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Mon Jul 30, 2012, 02:46 PM

As a 20+ year Arizona (Tuvson) resident ...

I've been plagued by a single question that raises it's head every late June through mid-September:

Every year, in the midst of long-term drought conditions, Tucson experiences monsoonal rains. These rains make roads impassable, wash out roads and are generally a nuisance until the water runs off.

We know the water run-off ways, yet it appears no one has planned a system to channel AND CAPTURE this water.

Why?

I know that such a plan would be incredibly expensive, but the Federal Government already supports water/flood control projects (it paid for several golf course re-designs).

Besides, could you imagine the economic impact of creating a 10-20 arce reservoir that is charged by monsoonal rains?

Disclaimer ... that is probably obvious: I'm no hydrologist, so I have no idea how large a reservoir the rains will support.

There would be thousands of jobs created for the construction and maintenance of the project. There would be hundreds of jobs created through the recreational activities/industries that would spring up around the project.

What about the cost savings realized from not having to repair roadways annually, as the run-off is channeled through the metro-area via water ways, rather than through and across city streets?

What about the environmental impact? The reservoir could serve as a water source, either through groundwater recharge, or directly to treatment plants.

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Reply As a 20+ year Arizona (Tuvson) resident ... (Original post)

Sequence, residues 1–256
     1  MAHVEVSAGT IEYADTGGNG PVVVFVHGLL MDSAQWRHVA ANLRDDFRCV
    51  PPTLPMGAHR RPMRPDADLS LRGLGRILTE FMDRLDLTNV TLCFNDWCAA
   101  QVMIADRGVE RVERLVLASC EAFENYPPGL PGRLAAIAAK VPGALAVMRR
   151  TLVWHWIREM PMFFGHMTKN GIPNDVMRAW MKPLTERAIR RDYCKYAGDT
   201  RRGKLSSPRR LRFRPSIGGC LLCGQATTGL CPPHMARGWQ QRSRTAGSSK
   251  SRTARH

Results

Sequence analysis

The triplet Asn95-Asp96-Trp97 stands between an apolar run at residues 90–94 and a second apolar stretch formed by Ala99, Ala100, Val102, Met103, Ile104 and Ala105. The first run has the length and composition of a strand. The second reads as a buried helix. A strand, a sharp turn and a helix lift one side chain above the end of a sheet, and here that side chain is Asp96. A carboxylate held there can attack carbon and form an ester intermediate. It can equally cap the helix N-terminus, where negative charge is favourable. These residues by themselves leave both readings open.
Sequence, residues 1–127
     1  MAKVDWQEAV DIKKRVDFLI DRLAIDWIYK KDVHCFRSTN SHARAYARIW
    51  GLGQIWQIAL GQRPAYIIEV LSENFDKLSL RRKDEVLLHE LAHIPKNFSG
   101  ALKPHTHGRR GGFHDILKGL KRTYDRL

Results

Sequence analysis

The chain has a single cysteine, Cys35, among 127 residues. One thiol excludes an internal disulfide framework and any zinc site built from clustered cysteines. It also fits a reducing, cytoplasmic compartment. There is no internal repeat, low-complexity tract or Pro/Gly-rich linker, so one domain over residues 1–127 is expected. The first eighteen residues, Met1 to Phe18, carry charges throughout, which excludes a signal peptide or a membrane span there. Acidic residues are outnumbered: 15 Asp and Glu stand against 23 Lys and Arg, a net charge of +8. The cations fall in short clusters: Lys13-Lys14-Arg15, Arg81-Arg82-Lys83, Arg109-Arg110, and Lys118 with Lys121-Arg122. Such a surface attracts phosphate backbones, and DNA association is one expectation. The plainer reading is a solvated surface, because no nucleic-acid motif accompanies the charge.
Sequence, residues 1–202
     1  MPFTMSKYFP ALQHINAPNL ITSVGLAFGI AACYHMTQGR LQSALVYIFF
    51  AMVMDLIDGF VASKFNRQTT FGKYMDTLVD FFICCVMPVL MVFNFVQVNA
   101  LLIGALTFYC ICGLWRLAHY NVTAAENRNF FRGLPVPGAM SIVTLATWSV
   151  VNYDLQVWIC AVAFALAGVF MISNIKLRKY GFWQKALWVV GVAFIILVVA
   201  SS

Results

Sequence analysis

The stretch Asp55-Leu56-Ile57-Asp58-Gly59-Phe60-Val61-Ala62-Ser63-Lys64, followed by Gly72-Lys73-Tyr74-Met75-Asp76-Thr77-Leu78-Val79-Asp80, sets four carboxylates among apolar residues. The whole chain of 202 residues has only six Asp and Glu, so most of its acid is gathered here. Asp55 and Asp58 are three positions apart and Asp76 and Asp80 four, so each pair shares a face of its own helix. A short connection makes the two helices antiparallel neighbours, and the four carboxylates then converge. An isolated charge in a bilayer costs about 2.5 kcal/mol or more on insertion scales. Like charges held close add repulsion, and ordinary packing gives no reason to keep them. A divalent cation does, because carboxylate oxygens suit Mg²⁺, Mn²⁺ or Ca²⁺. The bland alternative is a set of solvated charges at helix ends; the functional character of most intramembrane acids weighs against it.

1StrongBlackMan Jul 2012 OP
rfranklin Jul 2012 #1
mvccd1000 Jul 2012 #2

Response to 1StrongBlackMan (Original post)

Mon Jul 30, 2012, 03:05 PM

1. Tucson has average rainfall of 11"...probably not enough to fill a reservoir...

 

The NRDC study rates Pima county, Arizona, where Tuscon is located, as an area with extreme risk of water shortage. The city is in the Sonoran desert, an extremely arid region which receives less than 12 inches of rainfall each year. Currently, the Tucson region uses about 350,000 acre-feet of water per year. At this rate, Tucson’s groundwater supply, which now provides the majority of the city’s water, has a very limited life span. In addition to this, the city is currently bringing in 314,000 acre-feet per year from the Colorado River under the Central Arizona Project. However, Tuscon is growing rapidly, adding more than 20,000 people since 2000. This, combined with the political uncertainty of the Central Arizona Project allocation, places Tucson at extreme risk for future water shortages.
http://xfinity.comcast.net/slideshow/finance-losingwater/tucson%20/

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Response to 1StrongBlackMan (Original post)

Tue Jul 31, 2012, 12:40 AM

2. Runoff is regulated...

... if I'm not mistaken.

I have not researched the topic at all to make this answer today, but I read the excellent book, "The Cadillac Desert" years ago, and was blown away by how tightly controlled water is by treaty, pact, and federal and state regulations.

I agree that your idea makes sense, but which aquifers or rivers "down flow" from your area then go without the water that they are allotted? It's a very complicated issue in the arid southwest, and that book makes for excellent reading.

Cadillac Desert: The American West and Its Disappearing Water
http://www.amazon.com/Cadillac-Desert-American-Disappearing-Revised/dp/0140178244


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